Too old?

old
How old are the best youth leaders? How old are the best small group leaders for young adults? When are people too old to be involved in ministry with young people?
These questions, and others like them, are posed not simply by youth and young adults pastors but by people throughout the life of the church – teenagers, young adults, married couples, parents with small children, middle-aged men and women, even retirees. No matter your age, I guarantee you’ve either voiced this question or considered it internally.
The problem I think we have in using age as a determining factor for people to be involved in ministry with youth and young adults for at least three-fold:

  1. It takes the focus off God and places it on ourselves
  2. It reduces the potential number of people who can be involved in the ministry
  3. It fails to take seriously Bible’s teaching on the church as the family of God

In a recent study of effective youth ministries, one of the key findings was that “…in congregations of every size… it is the culture of the whole church that is most influential in nurturing youth of vital Christian faith.” (Martinson, et al, The Spirit and Culture of Youth Ministry, 50)
When we talk about being people empowering in youth and young adult ministry we need leaders, carers, mentors, and teachers from a range of different ages and life stages. We need teenagers serving younger teenagers. We need young adults serving their peers as well as those in our youth ministries. We need single adults, married couples, parents with children across the age range, we need fulltime workers, part-time workers, stay home parents, and the unemployed. We need grandparents. Can I say that again, we need grandparents.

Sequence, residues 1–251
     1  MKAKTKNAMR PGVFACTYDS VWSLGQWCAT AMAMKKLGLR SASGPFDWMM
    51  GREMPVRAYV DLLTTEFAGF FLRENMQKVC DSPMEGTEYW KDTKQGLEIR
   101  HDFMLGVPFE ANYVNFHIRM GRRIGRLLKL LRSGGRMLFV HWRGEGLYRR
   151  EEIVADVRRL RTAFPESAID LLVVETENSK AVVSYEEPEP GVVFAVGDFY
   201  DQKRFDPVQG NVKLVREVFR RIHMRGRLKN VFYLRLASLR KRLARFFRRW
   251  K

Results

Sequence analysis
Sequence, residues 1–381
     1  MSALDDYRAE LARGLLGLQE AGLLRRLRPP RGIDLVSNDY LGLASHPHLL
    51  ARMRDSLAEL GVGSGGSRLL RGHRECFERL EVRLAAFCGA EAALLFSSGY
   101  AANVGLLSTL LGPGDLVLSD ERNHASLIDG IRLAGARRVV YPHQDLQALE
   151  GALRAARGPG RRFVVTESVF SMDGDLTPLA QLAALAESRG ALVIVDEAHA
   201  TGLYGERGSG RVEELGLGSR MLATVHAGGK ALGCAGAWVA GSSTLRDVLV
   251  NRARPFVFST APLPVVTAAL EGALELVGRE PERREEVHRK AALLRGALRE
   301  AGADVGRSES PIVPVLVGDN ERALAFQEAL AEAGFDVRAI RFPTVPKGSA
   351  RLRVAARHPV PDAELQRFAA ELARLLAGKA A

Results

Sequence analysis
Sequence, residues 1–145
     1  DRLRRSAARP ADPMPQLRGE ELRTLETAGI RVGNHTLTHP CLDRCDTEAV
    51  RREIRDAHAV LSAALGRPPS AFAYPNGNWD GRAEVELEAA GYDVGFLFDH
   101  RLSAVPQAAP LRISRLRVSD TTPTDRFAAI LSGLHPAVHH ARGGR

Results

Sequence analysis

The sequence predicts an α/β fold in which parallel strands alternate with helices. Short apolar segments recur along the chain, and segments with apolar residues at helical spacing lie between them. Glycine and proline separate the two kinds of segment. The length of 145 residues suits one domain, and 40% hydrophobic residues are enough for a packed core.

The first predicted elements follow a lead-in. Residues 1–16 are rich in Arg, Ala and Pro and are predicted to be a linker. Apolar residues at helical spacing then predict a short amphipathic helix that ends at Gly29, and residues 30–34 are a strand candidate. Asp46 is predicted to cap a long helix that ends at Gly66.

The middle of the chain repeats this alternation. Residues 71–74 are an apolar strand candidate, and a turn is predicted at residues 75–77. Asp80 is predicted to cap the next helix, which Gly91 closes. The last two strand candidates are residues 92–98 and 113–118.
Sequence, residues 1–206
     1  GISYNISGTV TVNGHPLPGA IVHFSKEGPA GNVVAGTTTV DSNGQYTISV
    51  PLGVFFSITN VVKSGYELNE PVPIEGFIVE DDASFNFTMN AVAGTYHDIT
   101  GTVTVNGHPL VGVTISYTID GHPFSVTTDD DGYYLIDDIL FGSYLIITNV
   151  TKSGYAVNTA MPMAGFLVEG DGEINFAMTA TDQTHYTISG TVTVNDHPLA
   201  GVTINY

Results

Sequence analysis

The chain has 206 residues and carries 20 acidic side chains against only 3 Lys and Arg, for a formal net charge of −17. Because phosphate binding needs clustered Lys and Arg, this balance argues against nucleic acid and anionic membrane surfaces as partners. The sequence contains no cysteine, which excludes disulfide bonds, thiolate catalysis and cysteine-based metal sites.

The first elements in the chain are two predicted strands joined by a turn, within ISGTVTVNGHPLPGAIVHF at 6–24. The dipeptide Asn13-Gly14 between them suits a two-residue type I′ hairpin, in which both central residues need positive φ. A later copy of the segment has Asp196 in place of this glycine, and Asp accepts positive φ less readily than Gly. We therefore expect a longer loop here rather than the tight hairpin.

We need God’s people to take hold of the opportunity God has provided them to invest in our teenagers and young adults. I firmly believe that the healthiest youth and young adult ministries across our movements are those who have the investment not simply of those aged under 30.
I know that all church contexts are different but here are 10 ways you can empower the youth and young adults across our movement of churches:

  1. Pray for the youth and young adults in your church (and across our movement of churches)
  2. Pray for the youth and young adults pastors coordinators, workers and leaders in your church
  3. Speak with those involved in the youth and young adult ministry in your church about how you can be supporting them in the coming weeks
  4. Become a small group leader – or even a co-facilitator
  5. Offer to mentor one of the youth and adults in your church
  6. Write a letter of encouragement to the youth or young adult pastor and their leadership team
  7. Invite those in leadership of the young people in your church over for a meal
  8. Offer a specific word of praise to a teenager who you see in your church services
  9. Find an opportunity to share God’s work in your life with the young people in your church
  10. Buy the youth or young adult pastor a gift to say thank you for their ministry.

You’re never too old to be involved in youth or young adult ministry – sometimes you just need to think creatively about what it can look like given your specific life circumstances. It might not be a weekly commitment, but never discount how God wants to use you in the their lives of young people.

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